Your Retirement Plan Isn’t a Scary Monster
Retirement plans are a common source of stress and confusion for employees. Picking investments for your plan is a task most people would rather leave to professionals, but are often forced to do themselves. Studies show that the more investment options your employer provides, the less likely you are to participate in the retirement plan.
I don’t want you to get overwhelmed by this. There are other more important things to be overwhelmed by, specifically the threat of nuclear war and Rachel choosing Bryan over Peter (Ed. note: Sob!). I want you to have the confidence to pick investments for your retirement accounts. If you are tasked with choosing mutual funds and index funds without the assistance of a financial professional, here’s what you need to do:
Know Your Risk Tolerance
Risk tolerance measures your ability to take on investment risk without losing sleep at night. Theoretically, the younger you are the more risk you can take on. If you have 30 years until retirement, you have the ability to withstand more of the market ups and downs. You’ll also have more time to let your money grow. As you get older and closer to retirement age, you’ll want to lower your risk to preserve your earnings. How much risk you start with, live with, and end with is dependent upon the person. You don’t want to be too aggressive, but you also don’t want to be too conservative either.
There are risk tolerance questionnaires available online if you aren’t sure where on the risk spectrum you fall.
Don’t delay another day
The most important aspect to investing is time. The more of it you have, the more your money will grow and multiply. Waiting to get started is by far your greatest risk. If you wait 5 or 10 more years to get started, you’ll cost yourself tens, and maybe even hundreds of thousands. Get enrolled in your retirement plan as soon as possible.
Know how long you have before retirement
This is simple. It’s important to know whether you’re 5 years away from retirement or 25 years. Of course, your life situation can change, and you’ll adjust your investments accordingly, but your retirement plan should be based on the amount of time you have to let your money accumulate.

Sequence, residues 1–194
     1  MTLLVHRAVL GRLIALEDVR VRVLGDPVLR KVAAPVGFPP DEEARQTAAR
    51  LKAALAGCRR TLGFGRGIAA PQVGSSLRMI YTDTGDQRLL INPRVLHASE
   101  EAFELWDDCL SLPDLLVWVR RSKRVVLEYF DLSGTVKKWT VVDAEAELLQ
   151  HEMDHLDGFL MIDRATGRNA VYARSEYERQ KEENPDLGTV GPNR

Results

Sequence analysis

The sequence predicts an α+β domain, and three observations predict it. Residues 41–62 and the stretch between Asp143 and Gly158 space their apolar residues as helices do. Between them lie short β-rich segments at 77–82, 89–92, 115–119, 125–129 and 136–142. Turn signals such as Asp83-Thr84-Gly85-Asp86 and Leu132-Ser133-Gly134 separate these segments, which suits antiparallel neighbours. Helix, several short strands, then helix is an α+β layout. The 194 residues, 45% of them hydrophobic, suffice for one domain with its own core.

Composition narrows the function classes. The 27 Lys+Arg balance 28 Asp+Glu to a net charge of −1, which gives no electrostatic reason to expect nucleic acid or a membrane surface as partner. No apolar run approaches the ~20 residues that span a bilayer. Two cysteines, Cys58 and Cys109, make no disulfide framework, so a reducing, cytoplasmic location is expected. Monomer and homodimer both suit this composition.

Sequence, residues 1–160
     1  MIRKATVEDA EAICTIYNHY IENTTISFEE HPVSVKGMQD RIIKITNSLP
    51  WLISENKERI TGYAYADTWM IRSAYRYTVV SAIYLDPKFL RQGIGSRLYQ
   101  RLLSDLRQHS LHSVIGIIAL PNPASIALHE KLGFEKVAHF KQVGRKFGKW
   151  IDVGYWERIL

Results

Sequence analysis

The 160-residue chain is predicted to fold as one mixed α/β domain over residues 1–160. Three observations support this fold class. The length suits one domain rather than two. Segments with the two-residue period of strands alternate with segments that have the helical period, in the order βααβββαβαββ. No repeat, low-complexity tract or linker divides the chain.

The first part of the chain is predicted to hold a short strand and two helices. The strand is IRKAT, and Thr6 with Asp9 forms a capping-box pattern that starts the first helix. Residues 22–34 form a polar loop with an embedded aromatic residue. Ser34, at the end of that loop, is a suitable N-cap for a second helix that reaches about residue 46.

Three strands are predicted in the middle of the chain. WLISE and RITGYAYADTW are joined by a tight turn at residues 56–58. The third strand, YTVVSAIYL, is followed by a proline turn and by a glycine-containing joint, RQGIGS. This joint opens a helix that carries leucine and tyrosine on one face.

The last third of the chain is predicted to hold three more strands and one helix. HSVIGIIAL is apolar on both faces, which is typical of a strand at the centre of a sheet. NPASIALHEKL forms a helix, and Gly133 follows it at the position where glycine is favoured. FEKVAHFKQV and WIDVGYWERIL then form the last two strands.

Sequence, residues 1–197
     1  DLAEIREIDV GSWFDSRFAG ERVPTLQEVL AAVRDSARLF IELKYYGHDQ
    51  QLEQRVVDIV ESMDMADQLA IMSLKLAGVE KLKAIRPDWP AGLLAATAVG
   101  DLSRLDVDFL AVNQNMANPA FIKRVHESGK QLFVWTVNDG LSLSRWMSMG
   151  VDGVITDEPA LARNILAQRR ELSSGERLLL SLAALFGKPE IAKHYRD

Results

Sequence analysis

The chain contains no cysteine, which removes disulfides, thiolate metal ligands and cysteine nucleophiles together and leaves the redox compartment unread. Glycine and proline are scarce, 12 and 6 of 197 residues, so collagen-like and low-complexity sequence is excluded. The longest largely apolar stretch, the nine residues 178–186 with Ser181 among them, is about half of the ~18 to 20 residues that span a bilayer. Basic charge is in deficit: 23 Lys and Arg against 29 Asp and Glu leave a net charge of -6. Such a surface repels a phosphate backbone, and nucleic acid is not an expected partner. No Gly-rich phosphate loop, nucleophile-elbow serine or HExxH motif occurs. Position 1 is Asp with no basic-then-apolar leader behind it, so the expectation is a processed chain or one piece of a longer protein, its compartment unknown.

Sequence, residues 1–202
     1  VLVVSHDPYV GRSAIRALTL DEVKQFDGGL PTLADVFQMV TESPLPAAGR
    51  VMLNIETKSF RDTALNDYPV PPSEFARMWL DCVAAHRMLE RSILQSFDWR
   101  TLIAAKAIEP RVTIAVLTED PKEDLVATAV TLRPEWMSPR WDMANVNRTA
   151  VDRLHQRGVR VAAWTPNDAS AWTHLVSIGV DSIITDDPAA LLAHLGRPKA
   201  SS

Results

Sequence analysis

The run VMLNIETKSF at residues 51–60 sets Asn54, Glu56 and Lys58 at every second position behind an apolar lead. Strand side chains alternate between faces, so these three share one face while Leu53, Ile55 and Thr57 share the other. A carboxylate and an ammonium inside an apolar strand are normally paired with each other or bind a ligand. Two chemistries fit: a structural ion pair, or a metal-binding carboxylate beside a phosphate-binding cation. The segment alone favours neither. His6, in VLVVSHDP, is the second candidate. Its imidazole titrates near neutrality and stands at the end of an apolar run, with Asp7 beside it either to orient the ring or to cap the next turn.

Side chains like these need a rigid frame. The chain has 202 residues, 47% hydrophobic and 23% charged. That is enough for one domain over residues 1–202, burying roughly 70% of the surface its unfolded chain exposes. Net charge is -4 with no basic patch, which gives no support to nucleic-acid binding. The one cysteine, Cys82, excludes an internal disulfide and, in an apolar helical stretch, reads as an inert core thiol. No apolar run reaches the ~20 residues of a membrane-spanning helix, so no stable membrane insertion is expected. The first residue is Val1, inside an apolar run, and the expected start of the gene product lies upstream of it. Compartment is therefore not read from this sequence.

How does it fit into your overall financial plan
Your retirement accounts have a place in your overall financial picture. The amount of risk and allocation within your retirement plan should fit in to your overall investment strategy. You’ll also want to take a look at any Roth option available in your 401k.
How much will you contribute
Ideally, you want to save 15 percent of your paycheck in your retirement account. If you can’t achieve that level of savings right now, contribute enough to earn any company match and then increase your contribution rate by 1 percent each year.
Compare available funds
I know it’s terrifying to look at the available funds for your retirement plan and know what you pick will affect your future money. Don’t let this scare you. You will have to do a little research, but you can pick the right mix of funds for yourself. Remember, you aren’t tied down to these funds forever, so if you feel you need to make a change and rebalance, you can do that.
Start by listing the available funds and their corresponding expense ratios. This is the amount charged to run the fund and is easily found on fund info sheets or online fund descriptions. Expense ratios eat away at your returns over time. Keep them as low as possible. I suggest choosing funds with expense ratios lower than 1 percent. There are plenty available.